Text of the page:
The attorney general should, forthwith, start an investigation that leads to denial of VPIRG's tax free status and its obligation to register as a lobby. So, too, the AG ought to be forced to acknowledge Planned Parenthood's and the ACLU's political activity and lobbying efforts, although done at night under the cover of darkness. When that is done, the third investigation and trial should be of the Conservation Law Foundation.

Douglas Administration Unveils Gov't Restructuring Plan
From WCAX-TV, March 30, 2010

Details of a government restructuring plan in Vermont are beginning to emerge. The Legislature told several state agencies to find $38 million worth of savings-- that's only one-quarter of the budget gap-- for the next fiscal year....

Click here to see the Challenges for Change Progress Report (pdf).

In Vermont, We Subsidize
Small Schools Support Grants Ė A Homestead Tax Equity Issue
From Vermont Tiger, March 30, 2010

The debate over Small Schools Support Grants (SSSG) is generally framed by the consolidation issue, i.e., is it cost-effective to subsidize small schools? Rarely, if ever, is the issue of tax equity raised, i.e., is it equitable that the SSSG subsidizes the homestead tax rates of small school town residents?  Thatís what the current methodology for calculating per pupil spending at the local level effectively does and the resulting subsidy is clearly inequitable.

The current funding of K-12 education is characterized by four features: namely, (1) the grand lists of all towns belong to the Education Fund for education property tax purposes, (2) the vote at the local level on per pupil spending  determines the local homestead tax, (3) the Education Fund remits to each school district whatever amount is approved by local voters, and (4) the homestead tax, as adjusted by income sensitivity, is predicated on each homestead ownerís perceived capacity to pay.

Are They Crazy? A Dangerous Tale Retold In St. J
Caledonia Record Editorial, April 1, 2010

Once upon a time, there was a school district in a town where the economic climate was dismal, where the school system had been declared among the worst in the state, where 50 percent of the students continue to fail 50 percent of their courses, where 50 percent of the students never graduate, but where teachers make an average of $70,000 to $78,000, not counting their benefits while the average towns person earns only $22,000 a year.

When the district superintendent asked the teachers' union to change a few things, such as adding 25 minutes to the school day, providing tutoring on a rotating schedule before and after school, eating lunch with students once a week, submitting to more rigorous evaluations, attending weekly after-school planning sessions, and setting aside an additional one hour a week to meet with and help failing students, the union balked and refused the terms. So, the superintendent fired the high school's teachers, 93 people. At that point, the union changed its collective mind and accepted her terms. But, it was too late. They all remain fired.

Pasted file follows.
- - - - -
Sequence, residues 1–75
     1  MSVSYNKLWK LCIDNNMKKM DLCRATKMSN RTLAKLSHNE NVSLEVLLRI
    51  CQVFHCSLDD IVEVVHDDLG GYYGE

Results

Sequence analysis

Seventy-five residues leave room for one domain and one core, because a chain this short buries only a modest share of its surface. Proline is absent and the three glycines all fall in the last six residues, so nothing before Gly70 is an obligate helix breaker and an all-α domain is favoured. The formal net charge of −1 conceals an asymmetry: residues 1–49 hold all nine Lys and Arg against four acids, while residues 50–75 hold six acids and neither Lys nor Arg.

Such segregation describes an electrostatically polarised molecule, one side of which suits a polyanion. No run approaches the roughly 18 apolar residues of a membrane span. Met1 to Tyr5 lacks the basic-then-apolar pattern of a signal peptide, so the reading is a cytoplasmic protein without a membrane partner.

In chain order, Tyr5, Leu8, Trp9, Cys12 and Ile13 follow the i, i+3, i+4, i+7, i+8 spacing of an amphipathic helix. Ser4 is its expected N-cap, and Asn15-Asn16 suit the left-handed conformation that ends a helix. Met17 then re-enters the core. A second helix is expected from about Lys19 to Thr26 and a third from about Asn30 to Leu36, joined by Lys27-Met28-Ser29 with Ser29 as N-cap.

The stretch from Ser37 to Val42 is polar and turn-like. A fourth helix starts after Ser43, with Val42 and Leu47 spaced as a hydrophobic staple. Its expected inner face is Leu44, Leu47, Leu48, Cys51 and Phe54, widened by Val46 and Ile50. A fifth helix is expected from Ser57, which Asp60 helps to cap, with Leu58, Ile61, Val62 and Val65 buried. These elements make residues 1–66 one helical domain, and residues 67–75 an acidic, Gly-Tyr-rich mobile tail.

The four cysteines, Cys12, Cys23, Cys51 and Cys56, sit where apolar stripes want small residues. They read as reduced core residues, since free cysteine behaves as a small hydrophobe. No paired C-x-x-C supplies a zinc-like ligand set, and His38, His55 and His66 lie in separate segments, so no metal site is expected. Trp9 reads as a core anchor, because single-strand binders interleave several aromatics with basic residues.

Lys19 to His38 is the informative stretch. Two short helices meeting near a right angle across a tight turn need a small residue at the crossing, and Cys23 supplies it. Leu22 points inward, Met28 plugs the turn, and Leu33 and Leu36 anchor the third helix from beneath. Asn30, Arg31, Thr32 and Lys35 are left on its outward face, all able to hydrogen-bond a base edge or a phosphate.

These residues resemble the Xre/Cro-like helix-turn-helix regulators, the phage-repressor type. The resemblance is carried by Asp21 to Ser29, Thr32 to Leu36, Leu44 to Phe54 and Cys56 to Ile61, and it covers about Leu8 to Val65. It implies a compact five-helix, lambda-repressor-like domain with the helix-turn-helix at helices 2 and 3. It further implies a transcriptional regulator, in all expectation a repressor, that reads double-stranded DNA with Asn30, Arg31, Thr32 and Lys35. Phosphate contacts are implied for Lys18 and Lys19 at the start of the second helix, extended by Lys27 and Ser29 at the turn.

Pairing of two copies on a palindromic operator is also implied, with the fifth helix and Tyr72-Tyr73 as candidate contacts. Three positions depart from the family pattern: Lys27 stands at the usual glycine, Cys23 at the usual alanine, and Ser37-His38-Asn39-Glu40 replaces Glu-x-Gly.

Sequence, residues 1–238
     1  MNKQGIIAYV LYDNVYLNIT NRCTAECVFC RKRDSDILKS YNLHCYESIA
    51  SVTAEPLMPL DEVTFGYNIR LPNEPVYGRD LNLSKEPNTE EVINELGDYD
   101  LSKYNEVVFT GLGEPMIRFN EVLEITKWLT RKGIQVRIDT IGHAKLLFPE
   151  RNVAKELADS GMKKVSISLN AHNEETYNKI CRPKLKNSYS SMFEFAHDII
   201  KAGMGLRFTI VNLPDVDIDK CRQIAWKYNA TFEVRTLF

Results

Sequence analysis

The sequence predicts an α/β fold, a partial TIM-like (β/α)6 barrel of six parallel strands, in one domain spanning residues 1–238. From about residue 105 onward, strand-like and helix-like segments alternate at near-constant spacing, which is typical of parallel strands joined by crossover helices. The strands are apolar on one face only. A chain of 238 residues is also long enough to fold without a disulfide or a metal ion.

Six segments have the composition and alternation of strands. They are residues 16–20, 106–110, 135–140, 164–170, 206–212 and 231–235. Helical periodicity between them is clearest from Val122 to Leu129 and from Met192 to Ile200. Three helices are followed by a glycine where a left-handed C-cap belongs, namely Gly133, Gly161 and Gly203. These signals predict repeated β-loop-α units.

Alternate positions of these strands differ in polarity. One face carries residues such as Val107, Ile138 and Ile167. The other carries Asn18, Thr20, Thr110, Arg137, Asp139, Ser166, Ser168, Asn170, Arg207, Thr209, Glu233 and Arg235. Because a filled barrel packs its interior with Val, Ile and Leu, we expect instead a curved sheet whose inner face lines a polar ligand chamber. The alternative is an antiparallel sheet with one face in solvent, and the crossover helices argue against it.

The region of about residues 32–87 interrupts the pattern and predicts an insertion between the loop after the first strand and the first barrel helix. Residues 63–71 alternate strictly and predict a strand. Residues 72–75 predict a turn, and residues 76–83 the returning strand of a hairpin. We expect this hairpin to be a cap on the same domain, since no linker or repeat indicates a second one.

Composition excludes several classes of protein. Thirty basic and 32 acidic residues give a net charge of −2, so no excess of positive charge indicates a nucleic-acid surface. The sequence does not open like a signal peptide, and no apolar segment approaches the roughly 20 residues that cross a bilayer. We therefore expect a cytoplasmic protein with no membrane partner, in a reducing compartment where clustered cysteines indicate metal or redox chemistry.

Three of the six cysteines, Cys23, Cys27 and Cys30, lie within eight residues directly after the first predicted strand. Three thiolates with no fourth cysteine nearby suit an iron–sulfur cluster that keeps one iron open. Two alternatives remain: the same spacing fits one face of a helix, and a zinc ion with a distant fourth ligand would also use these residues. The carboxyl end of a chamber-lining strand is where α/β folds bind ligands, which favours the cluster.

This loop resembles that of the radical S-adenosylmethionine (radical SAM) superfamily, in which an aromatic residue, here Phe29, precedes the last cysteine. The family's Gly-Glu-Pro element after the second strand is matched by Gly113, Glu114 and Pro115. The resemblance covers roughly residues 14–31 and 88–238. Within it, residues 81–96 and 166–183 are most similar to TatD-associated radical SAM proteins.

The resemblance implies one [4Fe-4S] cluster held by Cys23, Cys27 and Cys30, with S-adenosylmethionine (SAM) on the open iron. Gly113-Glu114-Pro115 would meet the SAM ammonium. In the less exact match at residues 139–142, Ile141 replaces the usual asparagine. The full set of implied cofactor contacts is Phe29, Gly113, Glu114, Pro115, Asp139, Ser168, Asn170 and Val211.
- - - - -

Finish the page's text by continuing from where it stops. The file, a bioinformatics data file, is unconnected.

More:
Does that sound familiar? It should. The story unfolded in Rhode Island recently.

Sadly, there are similarities in St. Johnsbury. The school has been named among the worst in the state. Teachers were asked to make a concession in the form of a pay freeze, given that the school system budget was soundly defeated last month. They refused the request, and by refusing, their vote shows how out of touch they are with ordinary private sector citizens, or to understand how insulting they are to the people in town who are taking pay cuts, suffering reduction in hours, contributing more to health care, or are outright losing their jobs. Other union groups, such as Vermont state troopers, are taking cuts. Teachers in St. Johnsbury weren't asked to take a cut, just a one year freeze. Still, they refused to join their community in its straitened circumstance. This is yet another example of unions digging their own graves by refusing to negotiate or accept reasonable terms.

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Freedom Under Fire:
The Global War on Terrorism

Accused SEAL Passes Lie Detector Test, Another SEAL's Charges Dropped
By Chris Carter, Family Security Matters, April 1, 2010

Recent developments have further weakened the case against three Navy SEALs charged with assaulting an al Qaeda detainee. One development will impact the case for all three Ė the inadmissibility of a statement given by Petty Officer Jonathan Keefe.

At a Scottsdale, Arizonz rally on Saturday, Petty Officer Matthew McCabe Ė the only SEAL actually accused of striking the detainee Ė announced that he passed an independently-administered polygraph on March 16th.

Nuclear Terrorism: ĎIt's Not Personal; It's Just Business (Part 2 of 10)
By Peter Huessy,Family Security Matters, March 24, 2010

"Itís not personal; itís just business." So said Michael Corleone in the 1972 film The Godfather. It is also what numerous companies, countries, banks and individuals might very well say if confronted with the evidence that they are selling technology to Iran and Iran-front companies that contribute to Tehran's pursuit of ballistic missiles and nuclear weapons. The only tool, which European and American leaders now believe, will help them stall and perhaps reverse Iran's pursuit of the nuclear bomb is what is often referred to as "crippling sanctions." To be effective, a host of countries and companies will both have to be either shamed or fined into stopping their deadly traffic. The sanctions clock is thus in a race with the nuclear technology clock Ė the former has never been seriously pursued while the latter, firmly in the hands of the revolutionary elements in Iran, is proceeding with a seriousness not matched by the will of the free nations of the world to bring it to a stop.